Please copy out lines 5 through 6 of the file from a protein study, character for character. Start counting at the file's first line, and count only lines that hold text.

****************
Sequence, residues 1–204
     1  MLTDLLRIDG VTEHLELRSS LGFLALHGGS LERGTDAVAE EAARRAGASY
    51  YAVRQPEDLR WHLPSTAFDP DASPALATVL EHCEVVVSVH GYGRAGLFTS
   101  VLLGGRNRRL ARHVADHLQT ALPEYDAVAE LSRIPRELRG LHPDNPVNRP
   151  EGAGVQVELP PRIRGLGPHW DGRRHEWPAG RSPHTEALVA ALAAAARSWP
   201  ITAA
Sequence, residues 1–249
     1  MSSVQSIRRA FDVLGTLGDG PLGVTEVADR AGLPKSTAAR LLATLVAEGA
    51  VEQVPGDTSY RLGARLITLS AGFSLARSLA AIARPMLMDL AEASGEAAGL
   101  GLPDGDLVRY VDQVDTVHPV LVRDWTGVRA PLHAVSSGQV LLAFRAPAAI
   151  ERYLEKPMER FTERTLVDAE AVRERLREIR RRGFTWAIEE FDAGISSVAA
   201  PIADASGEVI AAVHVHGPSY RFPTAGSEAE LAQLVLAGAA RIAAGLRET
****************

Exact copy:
   151  EGAGVQVELP PRIRGLGPHW DGRRHEWPAG RSPHTEALVA ALAAAARSWP
   201  ITAA